Purposeful Imperfections

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Month: December, 2013

The Flamethrowers by Rachel Kushner

The Flamethrowers by Rachel Kushner

If nothing else, read The Flamethrowers for language. The vitality of the prose is breathtaking, and Rachel Kushner’s immense talent for description and relentless deployment of offbeat metaphor are extraordinary and bewitching. As to the plot, it’s a captivating examination of class, gender, and identity that utilizes as its subjects a handful of mostly—but beguilingly—fictional events and persons spanning the 20th century. Bits and pieces of odd but mesmerizing stories accrete haphazardly, offering moments of insight that are too brief to resolve, and it’s this open-endedness that prods the reader forward, however turbulently. And that’s how it needs to be, as the central story—the one of Reno the young artist; the quiet girl from Nevada; the intrepid motorcyclist; the patient narrator—is a messy one of indeliberate identity seeking, of a slow shifting from observation to action, and what it takes to ultimately force her hand is shocking but, by the novel’s end, inevitable.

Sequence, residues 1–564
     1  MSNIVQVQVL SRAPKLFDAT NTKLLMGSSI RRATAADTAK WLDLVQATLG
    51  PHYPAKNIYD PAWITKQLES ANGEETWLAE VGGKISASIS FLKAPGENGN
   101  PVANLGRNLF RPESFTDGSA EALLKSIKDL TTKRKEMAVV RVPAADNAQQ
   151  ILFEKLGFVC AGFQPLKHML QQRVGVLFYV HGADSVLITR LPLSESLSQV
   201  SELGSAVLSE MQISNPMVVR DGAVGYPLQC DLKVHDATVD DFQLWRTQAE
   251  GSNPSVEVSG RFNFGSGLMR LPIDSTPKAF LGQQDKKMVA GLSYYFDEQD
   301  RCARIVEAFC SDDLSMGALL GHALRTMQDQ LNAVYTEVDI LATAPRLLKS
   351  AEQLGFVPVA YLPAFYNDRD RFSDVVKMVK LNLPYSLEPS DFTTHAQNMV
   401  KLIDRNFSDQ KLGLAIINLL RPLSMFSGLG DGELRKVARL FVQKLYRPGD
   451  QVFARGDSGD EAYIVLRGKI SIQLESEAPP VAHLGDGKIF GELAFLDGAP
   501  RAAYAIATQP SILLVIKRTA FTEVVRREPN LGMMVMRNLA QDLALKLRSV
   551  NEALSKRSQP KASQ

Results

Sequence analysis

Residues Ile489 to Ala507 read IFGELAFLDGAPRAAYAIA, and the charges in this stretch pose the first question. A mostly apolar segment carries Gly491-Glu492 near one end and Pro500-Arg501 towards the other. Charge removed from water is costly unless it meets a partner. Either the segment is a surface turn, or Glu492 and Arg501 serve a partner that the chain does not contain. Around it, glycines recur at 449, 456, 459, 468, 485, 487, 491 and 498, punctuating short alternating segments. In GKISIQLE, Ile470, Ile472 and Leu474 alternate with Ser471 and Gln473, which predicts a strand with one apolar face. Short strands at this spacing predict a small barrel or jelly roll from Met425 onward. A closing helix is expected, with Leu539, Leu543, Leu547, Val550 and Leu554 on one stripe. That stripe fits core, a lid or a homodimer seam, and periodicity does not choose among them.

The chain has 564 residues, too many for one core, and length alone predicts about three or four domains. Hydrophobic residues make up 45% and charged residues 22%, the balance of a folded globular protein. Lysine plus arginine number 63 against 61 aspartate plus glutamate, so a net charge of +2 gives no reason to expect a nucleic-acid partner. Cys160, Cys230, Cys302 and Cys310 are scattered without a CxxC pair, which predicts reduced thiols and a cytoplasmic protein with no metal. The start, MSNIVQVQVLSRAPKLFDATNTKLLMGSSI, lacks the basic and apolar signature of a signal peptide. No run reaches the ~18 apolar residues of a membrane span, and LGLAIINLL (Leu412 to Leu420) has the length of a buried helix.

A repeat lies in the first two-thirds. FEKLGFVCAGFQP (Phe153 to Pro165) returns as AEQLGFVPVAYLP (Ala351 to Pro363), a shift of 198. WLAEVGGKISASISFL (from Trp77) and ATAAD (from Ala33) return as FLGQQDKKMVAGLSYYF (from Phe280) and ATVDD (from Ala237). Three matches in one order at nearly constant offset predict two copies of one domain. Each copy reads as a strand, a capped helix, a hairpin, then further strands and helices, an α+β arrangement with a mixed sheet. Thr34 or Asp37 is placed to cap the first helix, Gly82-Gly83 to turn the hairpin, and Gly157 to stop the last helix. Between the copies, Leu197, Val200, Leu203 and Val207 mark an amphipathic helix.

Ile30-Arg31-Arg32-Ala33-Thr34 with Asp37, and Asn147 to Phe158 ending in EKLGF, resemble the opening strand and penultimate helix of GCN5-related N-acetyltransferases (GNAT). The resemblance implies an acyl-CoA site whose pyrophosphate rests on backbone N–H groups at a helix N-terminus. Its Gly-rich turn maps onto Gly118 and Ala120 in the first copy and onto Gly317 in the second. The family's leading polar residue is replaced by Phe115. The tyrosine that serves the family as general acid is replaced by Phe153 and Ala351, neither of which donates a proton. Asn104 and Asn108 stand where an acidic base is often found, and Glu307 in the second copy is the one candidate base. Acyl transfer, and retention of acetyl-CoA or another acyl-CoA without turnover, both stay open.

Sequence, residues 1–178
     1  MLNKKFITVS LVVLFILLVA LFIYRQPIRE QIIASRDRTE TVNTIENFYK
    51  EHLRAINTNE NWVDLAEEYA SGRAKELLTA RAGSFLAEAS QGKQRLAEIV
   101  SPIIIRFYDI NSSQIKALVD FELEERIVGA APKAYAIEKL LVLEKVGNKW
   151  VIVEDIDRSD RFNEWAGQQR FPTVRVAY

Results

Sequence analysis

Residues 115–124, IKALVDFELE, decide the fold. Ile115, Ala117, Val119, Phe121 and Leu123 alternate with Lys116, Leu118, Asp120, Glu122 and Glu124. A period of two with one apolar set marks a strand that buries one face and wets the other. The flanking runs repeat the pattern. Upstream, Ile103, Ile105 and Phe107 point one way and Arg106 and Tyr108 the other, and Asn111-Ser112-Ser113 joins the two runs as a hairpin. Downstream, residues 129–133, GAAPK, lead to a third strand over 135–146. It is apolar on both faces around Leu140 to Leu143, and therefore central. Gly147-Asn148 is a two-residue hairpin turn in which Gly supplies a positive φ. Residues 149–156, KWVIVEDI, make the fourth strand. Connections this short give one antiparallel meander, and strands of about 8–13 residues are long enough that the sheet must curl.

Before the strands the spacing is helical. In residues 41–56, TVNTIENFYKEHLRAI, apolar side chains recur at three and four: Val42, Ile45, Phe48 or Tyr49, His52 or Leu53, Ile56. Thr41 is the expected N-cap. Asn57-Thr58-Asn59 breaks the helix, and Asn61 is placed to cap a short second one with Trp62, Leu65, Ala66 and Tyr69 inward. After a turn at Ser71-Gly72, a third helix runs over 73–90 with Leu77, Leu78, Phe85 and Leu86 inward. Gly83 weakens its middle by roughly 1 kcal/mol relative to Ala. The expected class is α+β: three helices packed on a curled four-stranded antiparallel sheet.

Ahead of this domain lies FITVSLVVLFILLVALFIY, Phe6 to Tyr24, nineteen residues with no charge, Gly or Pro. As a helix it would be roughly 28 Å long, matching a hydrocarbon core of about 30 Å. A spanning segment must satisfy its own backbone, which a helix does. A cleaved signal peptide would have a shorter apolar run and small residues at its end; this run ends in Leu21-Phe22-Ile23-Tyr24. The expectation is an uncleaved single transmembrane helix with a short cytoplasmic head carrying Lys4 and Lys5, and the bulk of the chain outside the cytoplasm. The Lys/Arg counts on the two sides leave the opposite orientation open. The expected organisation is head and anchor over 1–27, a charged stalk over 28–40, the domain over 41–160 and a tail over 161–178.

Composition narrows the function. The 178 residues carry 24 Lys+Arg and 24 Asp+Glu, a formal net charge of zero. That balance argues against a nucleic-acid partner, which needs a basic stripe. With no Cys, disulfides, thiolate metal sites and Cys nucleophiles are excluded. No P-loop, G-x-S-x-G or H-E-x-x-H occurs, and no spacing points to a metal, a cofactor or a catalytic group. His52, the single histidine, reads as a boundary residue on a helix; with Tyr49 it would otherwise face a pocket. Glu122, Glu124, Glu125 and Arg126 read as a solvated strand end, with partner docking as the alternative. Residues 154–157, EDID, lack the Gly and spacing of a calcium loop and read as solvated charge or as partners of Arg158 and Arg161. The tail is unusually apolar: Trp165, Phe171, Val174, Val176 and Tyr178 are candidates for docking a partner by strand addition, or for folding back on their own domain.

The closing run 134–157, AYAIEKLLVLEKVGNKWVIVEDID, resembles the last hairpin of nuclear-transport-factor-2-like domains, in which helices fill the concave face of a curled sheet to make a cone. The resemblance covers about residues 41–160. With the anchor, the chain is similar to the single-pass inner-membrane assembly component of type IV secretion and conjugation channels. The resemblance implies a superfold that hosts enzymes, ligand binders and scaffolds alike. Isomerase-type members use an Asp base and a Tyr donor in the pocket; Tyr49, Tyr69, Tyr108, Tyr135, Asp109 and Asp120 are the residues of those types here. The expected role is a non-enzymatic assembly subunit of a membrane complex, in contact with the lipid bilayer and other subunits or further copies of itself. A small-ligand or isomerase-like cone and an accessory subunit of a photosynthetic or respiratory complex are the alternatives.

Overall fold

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From the Ruins of Empire: The Intellectuals Who Remade Asia by Pankaj Mishra

From the Ruins of Empire by Pankaj Mishra

Squeezing subject matter this historically, geographically, culturally, and politically vast into a few hundred pages almost inevitably leads to a disjointed narrative, and From the Ruins of Empire is no exception. That said, I wholly applaud the ambition and deep research that a text like this requires, and my reading was rewarded with a number of epiphanies–for instance, a contextualization of the shift from collective to individual jihad or how recent of a phenomenon nationalism is in China.

Most crucially, Pankaj Mishra offers a very necessary corrective to the (still!) pervasive, Western-centric view of colonialism/market economies/capitalism as progressive, just, and inevitable. Mishra’s alternative lens is not only good for viewing the past but also a useful tool when considering what the 21st century may hold. Thus, despite the occasional narrative hiccups, From the Ruins of Empire is a good general primer on the political landscape of modern–and, perhaps, future–Asia.